Monthly Archives: January 2012

When Life Gives You Eggs

Last week, when made the French pound cake, quatre-quarts, I had an egg mishap. The eggs needed to be separated, and on the last egg, I broke the yolk into the bowl of egg whites and had to start over. I discarded the whites and stored the yolks in the fridge until I could figure out to do with two yolks. I’m not sure what I was thinking because I could have just saved the whites and the yolks, leaving me with two whole eggs, but I didn’t.

Earlier in the month when I made a key lime pie, I had 4 extra egg whites. Those I used in place of two whole eggs in a quick bread. I was less sure what to do with the yolks.

Alice, one of my cyber-friends, made a brilliant suggestion. Alice lives in London, and her idea was very British. “Why not make lemon curd?” she said. I have a stash of Meyer lemons, and I’ve always wanted to try making lemon curd, so that was the solution.

To make a lemon curd, sugar, or for this recipe, honey, is combined into melted butter along with lemon juice. Then, over a double boiler, the egg yolks are whisked into the lemon mixture until it thickens. The recipe said it would take up to 10 minutes, but it took me closer to 20 minutes. I think it took that long because I was conservative about the temperature of water in the double boiler.

The lemon curd is a lovely contrast of sweet and tart. The Meyer lemon gives it floral undertone. Now, I have to whip up a batch of scones for the perfect teatime snack!

Meyer Lemon Curd
Makes 1¼ cups

¼ cup (½ stick) butter
½ cup honey
½ cup Meyer lemon juice (about 3 lemons)
2 egg yolks
1 whole egg
Zest of 1 lemon, if desired

If you are going to use the zest, zest one lemon before juicing it.

In a bowl set over simmering water, melt the butter. Stir the honey into the butter until it’s combined. Now, stir in the lemon juice.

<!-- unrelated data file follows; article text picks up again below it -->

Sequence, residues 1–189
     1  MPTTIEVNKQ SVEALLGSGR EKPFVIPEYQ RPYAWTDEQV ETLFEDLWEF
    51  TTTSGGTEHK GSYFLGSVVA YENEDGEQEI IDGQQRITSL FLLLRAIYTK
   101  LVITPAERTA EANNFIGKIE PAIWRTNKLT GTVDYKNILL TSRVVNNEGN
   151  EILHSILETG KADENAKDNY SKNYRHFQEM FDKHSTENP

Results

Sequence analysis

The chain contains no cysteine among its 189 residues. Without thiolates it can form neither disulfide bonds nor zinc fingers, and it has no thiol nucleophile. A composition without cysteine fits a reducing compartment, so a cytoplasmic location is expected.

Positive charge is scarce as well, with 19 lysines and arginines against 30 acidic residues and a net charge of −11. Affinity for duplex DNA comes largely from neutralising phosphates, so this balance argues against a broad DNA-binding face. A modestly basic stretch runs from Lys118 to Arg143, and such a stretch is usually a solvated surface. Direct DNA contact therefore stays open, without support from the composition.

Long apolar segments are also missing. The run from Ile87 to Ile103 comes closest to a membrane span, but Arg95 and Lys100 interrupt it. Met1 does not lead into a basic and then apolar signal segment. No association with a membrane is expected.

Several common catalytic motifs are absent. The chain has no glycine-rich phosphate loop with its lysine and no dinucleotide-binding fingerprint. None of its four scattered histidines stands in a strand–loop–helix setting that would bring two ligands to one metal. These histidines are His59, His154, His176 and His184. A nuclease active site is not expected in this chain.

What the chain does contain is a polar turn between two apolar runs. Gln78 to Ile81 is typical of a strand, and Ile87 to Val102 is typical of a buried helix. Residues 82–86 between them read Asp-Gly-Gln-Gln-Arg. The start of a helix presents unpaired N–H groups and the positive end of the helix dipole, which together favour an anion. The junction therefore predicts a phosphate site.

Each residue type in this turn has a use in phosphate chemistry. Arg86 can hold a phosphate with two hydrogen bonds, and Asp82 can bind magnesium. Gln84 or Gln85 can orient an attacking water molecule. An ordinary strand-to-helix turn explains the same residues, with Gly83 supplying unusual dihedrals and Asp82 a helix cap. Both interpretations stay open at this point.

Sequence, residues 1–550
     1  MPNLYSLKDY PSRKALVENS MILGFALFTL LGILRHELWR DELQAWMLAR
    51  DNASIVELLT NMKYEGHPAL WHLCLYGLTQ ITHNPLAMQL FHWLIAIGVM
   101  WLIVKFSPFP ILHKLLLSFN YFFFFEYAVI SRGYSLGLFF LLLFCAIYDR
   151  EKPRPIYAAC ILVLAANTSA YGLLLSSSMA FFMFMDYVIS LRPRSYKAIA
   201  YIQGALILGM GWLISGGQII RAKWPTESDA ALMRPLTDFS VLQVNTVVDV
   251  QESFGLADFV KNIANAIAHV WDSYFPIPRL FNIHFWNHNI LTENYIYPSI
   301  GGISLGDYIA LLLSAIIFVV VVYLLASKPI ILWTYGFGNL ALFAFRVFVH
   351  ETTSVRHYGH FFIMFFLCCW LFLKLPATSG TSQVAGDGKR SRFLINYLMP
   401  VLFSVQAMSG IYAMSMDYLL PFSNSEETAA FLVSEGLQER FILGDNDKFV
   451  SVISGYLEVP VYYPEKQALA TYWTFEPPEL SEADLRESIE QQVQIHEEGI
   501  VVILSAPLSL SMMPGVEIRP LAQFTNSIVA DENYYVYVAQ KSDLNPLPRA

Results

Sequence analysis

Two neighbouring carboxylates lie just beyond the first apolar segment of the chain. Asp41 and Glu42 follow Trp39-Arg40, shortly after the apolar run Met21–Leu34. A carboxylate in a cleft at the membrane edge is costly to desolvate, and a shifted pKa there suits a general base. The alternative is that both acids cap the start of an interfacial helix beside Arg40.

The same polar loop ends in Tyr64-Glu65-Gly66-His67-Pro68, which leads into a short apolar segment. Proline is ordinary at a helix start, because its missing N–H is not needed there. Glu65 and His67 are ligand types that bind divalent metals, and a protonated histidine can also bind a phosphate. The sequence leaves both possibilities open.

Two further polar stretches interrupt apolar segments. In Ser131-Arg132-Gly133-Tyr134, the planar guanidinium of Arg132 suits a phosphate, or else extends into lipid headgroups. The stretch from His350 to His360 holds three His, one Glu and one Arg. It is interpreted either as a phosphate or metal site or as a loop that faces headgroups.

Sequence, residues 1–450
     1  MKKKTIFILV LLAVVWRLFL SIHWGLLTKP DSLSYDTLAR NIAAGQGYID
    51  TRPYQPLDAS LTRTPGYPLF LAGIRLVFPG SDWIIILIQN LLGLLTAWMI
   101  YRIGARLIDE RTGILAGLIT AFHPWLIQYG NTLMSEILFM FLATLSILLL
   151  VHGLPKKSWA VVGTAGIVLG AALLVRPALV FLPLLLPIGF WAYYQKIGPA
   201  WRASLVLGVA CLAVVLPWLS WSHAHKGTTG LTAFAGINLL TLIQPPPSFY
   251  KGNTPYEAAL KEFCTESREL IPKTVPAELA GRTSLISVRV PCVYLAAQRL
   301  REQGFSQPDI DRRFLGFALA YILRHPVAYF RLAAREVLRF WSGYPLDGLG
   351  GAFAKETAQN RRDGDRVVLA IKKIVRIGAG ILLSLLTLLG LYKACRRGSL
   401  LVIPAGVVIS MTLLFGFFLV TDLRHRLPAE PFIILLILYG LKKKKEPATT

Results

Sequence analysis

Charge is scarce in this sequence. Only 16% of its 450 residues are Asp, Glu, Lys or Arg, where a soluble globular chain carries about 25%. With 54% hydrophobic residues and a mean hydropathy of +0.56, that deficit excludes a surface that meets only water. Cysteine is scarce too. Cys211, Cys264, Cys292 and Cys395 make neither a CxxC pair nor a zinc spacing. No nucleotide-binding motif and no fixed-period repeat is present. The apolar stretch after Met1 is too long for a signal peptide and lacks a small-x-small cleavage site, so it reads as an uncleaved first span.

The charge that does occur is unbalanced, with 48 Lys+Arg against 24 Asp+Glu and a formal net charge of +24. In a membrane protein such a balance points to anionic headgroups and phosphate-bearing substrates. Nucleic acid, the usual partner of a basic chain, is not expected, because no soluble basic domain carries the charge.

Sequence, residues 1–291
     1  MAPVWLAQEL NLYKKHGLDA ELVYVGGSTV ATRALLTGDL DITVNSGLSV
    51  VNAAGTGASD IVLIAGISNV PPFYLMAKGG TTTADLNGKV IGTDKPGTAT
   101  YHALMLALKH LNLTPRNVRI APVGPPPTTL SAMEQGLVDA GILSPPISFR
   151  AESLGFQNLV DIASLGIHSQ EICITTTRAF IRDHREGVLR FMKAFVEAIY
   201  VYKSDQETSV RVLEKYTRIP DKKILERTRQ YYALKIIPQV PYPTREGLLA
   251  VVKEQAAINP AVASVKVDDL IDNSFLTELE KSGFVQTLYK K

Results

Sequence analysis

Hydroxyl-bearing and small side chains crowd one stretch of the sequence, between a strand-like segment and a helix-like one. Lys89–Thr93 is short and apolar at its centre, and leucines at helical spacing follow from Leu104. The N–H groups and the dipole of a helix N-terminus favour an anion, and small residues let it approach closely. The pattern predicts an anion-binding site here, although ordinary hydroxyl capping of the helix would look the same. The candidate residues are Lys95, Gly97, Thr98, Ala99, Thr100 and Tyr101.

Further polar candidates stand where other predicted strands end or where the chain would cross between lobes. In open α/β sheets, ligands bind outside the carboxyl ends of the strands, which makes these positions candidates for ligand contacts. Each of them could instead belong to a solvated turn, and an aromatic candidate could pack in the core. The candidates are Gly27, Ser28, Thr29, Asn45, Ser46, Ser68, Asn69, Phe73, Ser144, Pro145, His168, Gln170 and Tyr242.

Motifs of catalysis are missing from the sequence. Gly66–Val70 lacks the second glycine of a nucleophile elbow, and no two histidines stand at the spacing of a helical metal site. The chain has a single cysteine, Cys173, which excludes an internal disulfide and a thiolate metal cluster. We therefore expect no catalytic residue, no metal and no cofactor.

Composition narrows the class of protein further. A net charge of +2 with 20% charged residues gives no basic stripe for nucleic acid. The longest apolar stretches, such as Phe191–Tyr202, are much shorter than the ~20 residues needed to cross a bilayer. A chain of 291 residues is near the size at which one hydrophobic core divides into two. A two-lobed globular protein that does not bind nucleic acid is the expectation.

Whisk the egg yolks and whole egg together. Add to the warm lemon mixture. Continue to stir until the mixture thickens. This will take a while, 10 to 20 minutes. It’s done when you run your finger through the mixture on a spoon or spatula, and it doesn’t run back together. Stir in the zest, if using.

Pour into a jar and chill. This will last for two months in the refrigerator.

french fridays with dorie: quatre-quarts

A perfect cake! It’s easy, it’s elegant, and it’s delicious. This is a perfect cake for snacking on over tea with friends on a lazy afternoon. A sliver of this cake is a perfect end to a breakfast that was missing “something”. A wedge of this cake is the perfect to send home in a doggie bag with an expected dinner guest. This cake is also a perfect excuse to use my cake dome.

Dorie says this is the sort of cake that’s common on most French homes. I wish I were French. I was trying to remember if there was a go-to cake that my mother always had around when I was growing up. I think the go-to baked snacks at our house trended more towards brownies (always from a mix) and Toll House cookies.

Mom in 2002

My mom did make a signature cake, a chocolate chip cake. It wasn’t a fancy cake. She served it from its 13×9 metal baking pan, merely sprinkled with powdered sugar. But, we only had it for special occasions. The funny thing is that one reason I think she only made it for special occasions was that you had to separate the eggs, beat the whites separately and fold them in, just like in this everyday French cake. Maybe our cake was French after all.

Even with the step to beat the egg whites, this was a snap to put together. The only advice I have is to break the egg whites over a separate bowl one at a time and then transferring the white to the bigger bowl. Normally, I do this. I don’t know why I didn’t the day I made this. Unfortunately, the third egg yolk broken (which never happens to me), ruining my bowl of whites, so I had to start over with new eggs. (That means I have two extra egg yolks in the fridge. Any suggestions on what to use them for?)

I used dark rum in my cake, and I loved the extra zing it gave over the more pedestrian vanilla. The friends who came over to tea suggested trying other liqueurs for the rum, maybe kirsch for some subtle cherry flavor. That sounds interesting. I sprinkled the top with the granulated brown sugar left over from the crème brulees. As in that recipe, the sugar didn’t melt as expected, so I’ll try turbinado, which melted better on my custards, the next time I make this cake.

This cake might be simplicity itself, but I know the other bloggers for French Fridays with Dorie are bound to put their own twist on things. For more ideas, check out their posts on the FFwD site.